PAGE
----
#348 The Listerine Theory
Call it the fight for authenticity. Since 1879, Listerine Antiseptic has tasted lousy. There's a reason. We believe stuff that tastes lousy works.
The stuff was first put together to ward off germs in hospital operating rooms (some of which still were in the backs of barber shops in those days, hence the red, white and blue barber polls.) It was an early germ fighter that got crowded out of the surgery business after more effective things came along. But it DIDN'T get crowded out of everything. Yes, those enterprising Americans found other uses for the stuff and capitalize on the myth that something that tastes bad or stings or vaguely resembles what you put into those little cups at the doctor's office works better than something that tastes sweet, doesn't sting and looks like the stuff with which they color candy-coated gum balls.
It's only recently that the makers have decided to make sweet tasting, tooth whitening, gum ball blue colored Listerine and they may be having a tough time convincing generations of users of the original that they're getting the same effectivness.
We'll get back to this in a moment. But first, a trip down the cat food aisle, and a visit to the Cat Food Theory.
Most cats can't read. Or if they can, they don't admit it.
So when you see pretty pictures of fish or other creatures on the labels of cat food, guess who they're there for, if not the cats.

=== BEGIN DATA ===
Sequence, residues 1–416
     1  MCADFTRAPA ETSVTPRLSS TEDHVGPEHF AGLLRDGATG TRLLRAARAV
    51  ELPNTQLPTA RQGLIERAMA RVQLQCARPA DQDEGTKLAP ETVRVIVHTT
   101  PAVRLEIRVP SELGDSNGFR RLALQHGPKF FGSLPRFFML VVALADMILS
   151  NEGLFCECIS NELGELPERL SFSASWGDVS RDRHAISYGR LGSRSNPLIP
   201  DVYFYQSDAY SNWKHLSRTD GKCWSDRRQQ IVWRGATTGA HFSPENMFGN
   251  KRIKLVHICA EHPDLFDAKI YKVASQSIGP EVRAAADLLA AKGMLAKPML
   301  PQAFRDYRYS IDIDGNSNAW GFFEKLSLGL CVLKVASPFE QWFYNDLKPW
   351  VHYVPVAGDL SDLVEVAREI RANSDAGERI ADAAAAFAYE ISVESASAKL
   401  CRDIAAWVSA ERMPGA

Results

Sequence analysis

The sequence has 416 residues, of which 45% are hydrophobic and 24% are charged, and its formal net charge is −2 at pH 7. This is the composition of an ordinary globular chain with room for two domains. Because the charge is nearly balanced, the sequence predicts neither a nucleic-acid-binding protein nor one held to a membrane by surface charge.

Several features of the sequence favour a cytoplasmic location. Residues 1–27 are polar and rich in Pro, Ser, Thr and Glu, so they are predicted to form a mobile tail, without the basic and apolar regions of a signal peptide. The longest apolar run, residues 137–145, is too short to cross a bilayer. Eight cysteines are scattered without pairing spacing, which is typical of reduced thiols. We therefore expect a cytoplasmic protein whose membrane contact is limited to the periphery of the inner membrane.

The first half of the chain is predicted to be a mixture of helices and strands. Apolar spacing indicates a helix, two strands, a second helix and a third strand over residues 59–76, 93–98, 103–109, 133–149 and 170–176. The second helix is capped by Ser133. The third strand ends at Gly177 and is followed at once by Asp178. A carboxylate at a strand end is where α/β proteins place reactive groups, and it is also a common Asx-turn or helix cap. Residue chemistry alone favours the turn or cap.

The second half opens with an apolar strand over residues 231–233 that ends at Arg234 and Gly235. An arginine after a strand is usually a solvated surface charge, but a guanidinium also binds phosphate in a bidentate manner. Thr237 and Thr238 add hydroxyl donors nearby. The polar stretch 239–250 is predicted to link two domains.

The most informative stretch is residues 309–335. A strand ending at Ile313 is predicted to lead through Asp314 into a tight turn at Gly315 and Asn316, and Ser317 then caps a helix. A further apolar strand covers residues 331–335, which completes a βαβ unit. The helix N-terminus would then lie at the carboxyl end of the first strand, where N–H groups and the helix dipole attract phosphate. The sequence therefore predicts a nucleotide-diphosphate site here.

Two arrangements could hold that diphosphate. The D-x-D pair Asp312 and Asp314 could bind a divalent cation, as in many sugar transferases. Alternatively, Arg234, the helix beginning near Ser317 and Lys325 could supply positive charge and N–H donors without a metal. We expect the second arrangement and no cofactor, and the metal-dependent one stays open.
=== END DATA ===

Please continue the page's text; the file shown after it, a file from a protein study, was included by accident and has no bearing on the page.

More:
Further, your cat -- no matter how smart or clever -- does not know the difference between Salmon Fillet Deluxe and plain old salmon. She does not know the difference between Ocean Whitefish and Tuna and plain old whitefish and tuna. So, guess why they give the stuff those names, if not for the cats.
Yes, yes... the Listerine theory. Not yet. Please be patient, or as your computer would say "please wait," like you have a choice when it tells you that?
Baby meds. Cold medicines for kids under the age of two.
Babies generally don't read any better than cats. So those fancy looking over-the-counter cold remedies for kids don't appeal to them. If an 18-month-old feels lousy, he knows only that he feels lousy, not that he has a cold or sniffles or congestion or a loose cough or the flu.
So, you, being a caring parent, buy this cold stuff.
Same reason you buy the Ocean Whitefish and Tuna. You want to do something that will benefit the kid or the cat, even if the kid or the cat.
NOW we get back to the Listerine theory.
You, being concerned test out the kids' cold medicine. It tastes lousy. Now you know it's real medicine.
Small problem, though: The Food and Drug Administration says the stuff doesn't work for kids under age two. And it might do serious damage.
Like the originators of Listerine, this is not going to stop sales.
Here's a marketing suggestion: give the "remedies" new names. PediaKill comes to mind. And the ad campaign? "Kid always cranky? Pain in the neck? Always into everything? Not a minutes peace? Cure them with PediaKill. Fast, effective, and no more annoying behavior. (Use only as directed.)
I'm Wes Richards. My opinions are my own, but you're welcome to them.®
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